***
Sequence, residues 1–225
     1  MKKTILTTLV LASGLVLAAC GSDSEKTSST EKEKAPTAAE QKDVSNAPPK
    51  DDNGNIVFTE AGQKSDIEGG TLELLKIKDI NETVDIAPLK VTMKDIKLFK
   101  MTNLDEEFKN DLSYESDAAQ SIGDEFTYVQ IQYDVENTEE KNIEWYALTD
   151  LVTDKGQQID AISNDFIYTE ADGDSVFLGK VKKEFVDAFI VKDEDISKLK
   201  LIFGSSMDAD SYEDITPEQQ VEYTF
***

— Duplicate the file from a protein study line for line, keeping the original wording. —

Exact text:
Sequence, residues 1–225
     1  MKKTILTTLV LASGLVLAAC GSDSEKTSST EKEKAPTAAE QKDVSNAPPK
    51  DDNGNIVFTE AGQKSDIEGG TLELLKIKDI NETVDIAPLK VTMKDIKLFK
   101  MTNLDEEFKN DLSYESDAAQ SIGDEFTYVQ IQYDVENTEE KNIEWYALTD
   151  LVTDKGQQID AISNDFIYTE ADGDSVFLGK VKKEFVDAFI VKDEDISKLK
   201  LIFGSSMDAD SYEDITPEQQ VEYTF